March 10, 2019 / Esther Choy
At one very memorable Leadership Story Lab workshop a few years ago, a participant named Mary Johnson sat down to exchange stories with a partner. After they interviewed each other, the partner shared Mary’s story:
When packing for a trip to Australia, you normally think of taking your swimsuit, sunglasses, and sunblock. However, for Mary, her most prized possession for the trip is a binder. The binder contains all the well-planned details of the trip – where to go, what to do, what time to do it and where to eat. She takes this step because the unknown can be scary.
Even though Mary was once scared of the unknown in her career, others have encouraged her to accept talents she had been afraid to embrace. “Now,” said Mary’s interview partner, “Mary helps support low-income children at her organization by giving them planning tools to overcome their unknowns.”
The most memorable moment in the workshop happened when Mary’s hiring manager, who was in the room when Mary’s partner shared this story, said: “Those characteristics are exactly why we hired you, it just took many interviews to figure it out.”
I thought about how lucky Mary was that her hiring team stuck with her long enough to uncover those characteristics, finding out that Mary isn’t afraid of the unknown anymore, and not only that, she’s able to help others manage their unknowns. Mary is lucky—but imagine if she had walked into her first job interview and shared a story that revealed her character!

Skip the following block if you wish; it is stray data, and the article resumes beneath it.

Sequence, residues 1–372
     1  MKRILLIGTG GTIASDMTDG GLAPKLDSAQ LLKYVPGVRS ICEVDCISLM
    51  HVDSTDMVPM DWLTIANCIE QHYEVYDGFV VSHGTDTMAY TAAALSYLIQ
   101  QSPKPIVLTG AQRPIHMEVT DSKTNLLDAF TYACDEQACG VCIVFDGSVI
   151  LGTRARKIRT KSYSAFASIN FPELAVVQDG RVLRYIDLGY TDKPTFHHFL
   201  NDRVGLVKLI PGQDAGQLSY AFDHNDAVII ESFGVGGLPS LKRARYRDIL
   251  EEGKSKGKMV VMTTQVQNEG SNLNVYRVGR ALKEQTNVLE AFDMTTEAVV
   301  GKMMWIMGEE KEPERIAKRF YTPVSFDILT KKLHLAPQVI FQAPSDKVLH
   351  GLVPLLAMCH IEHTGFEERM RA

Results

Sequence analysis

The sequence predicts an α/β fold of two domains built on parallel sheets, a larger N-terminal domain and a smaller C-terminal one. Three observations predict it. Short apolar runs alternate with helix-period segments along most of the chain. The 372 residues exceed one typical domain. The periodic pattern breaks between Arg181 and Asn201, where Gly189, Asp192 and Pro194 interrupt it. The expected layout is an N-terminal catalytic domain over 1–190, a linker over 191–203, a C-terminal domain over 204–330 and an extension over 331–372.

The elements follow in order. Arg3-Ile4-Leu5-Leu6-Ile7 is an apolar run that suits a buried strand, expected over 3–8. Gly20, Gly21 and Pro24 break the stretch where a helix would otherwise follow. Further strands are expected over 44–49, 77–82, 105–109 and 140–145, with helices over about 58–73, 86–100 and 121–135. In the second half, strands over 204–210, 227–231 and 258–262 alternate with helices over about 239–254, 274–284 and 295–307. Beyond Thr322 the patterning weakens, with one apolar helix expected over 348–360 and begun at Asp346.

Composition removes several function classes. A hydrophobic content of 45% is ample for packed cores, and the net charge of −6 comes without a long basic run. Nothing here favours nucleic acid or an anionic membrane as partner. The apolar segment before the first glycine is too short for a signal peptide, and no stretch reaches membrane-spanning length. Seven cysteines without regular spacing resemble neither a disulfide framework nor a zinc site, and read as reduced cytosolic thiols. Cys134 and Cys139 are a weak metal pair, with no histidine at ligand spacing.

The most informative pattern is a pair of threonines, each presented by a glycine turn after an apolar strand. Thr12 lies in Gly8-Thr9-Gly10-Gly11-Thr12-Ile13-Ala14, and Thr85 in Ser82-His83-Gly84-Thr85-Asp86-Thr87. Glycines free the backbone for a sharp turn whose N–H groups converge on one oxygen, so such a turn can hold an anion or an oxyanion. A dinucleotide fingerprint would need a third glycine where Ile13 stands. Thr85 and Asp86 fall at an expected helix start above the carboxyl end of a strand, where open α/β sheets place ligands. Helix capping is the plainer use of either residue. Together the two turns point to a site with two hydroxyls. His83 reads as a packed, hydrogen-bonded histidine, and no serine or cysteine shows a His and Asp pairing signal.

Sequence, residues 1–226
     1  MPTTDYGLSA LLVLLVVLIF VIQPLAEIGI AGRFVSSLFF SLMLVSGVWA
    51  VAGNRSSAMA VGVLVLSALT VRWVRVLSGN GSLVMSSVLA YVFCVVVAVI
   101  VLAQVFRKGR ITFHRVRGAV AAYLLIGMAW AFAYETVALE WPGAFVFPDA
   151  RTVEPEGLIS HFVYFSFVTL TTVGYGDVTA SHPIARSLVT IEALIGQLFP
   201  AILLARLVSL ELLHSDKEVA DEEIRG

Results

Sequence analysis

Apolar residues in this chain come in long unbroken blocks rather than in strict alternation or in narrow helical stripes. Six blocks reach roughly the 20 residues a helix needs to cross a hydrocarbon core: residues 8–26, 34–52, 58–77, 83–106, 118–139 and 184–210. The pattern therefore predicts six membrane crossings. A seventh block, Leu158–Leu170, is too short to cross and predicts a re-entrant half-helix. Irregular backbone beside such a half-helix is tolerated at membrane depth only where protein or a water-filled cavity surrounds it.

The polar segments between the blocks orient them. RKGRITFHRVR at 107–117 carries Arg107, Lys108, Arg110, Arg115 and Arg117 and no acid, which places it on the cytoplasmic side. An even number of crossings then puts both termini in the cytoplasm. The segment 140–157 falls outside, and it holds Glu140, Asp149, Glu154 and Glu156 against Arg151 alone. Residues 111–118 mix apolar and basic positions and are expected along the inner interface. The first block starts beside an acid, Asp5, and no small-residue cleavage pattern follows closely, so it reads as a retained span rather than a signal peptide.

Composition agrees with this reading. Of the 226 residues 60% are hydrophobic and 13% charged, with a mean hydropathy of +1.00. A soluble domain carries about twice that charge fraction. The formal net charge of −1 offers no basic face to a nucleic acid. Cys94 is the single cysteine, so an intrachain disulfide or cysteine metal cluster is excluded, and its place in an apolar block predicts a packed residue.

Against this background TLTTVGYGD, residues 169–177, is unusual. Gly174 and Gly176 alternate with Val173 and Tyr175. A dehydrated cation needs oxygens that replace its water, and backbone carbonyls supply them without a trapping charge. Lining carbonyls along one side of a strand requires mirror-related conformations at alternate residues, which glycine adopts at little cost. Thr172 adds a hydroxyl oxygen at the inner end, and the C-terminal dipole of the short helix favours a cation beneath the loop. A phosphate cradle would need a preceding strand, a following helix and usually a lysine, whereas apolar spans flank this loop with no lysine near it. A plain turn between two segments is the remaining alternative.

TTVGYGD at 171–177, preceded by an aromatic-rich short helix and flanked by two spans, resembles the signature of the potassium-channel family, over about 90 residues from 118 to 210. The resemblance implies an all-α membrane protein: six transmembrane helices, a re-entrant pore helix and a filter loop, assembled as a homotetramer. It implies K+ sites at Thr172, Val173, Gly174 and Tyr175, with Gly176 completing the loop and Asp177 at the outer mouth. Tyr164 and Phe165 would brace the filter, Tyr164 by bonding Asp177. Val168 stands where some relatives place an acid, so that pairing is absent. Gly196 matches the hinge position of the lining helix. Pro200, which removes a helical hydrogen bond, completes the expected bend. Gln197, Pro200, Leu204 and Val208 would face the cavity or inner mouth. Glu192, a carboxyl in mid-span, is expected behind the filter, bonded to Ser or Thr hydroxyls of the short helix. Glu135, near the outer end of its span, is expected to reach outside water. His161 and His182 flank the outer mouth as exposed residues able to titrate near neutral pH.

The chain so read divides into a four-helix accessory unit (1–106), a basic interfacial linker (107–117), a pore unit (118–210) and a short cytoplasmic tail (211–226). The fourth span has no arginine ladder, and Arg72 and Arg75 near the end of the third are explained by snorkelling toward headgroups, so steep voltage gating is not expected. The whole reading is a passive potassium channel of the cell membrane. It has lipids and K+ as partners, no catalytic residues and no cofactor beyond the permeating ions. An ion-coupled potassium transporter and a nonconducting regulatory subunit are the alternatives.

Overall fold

This is the power of the “Paired Introduction” exercise we’ve developed at Leadership Story Lab. By spending just twenty minutes with a partner, our clients uncover the essentials of their character.
Learning Each Other’s Stories
At work, we tend to define “professional” as keeping others at arm’s-length and never disclosing much about our true character or what really matters to us. This means that we can work beside the same colleagues for years without getting to know what truly motivates them. And that’s a problem, because it means we aren’t building the kind of trust that comes from knowing why people do the things they do. That trust is at the core of all positive and productive relationships.
The solution happens when people sit down together—be they complete strangers or long-time colleagues—and ask each other story-collecting questions. Their essential character begins to rise to the surface. I like to use this set of questions, called “Crazy Good Questions,” because they prompt people to share a story that is personal and authentic, but is not private.
When people understand each other’s character through an exercise like this, things change. Here’s what I’ve seen:
1. You manage conflict.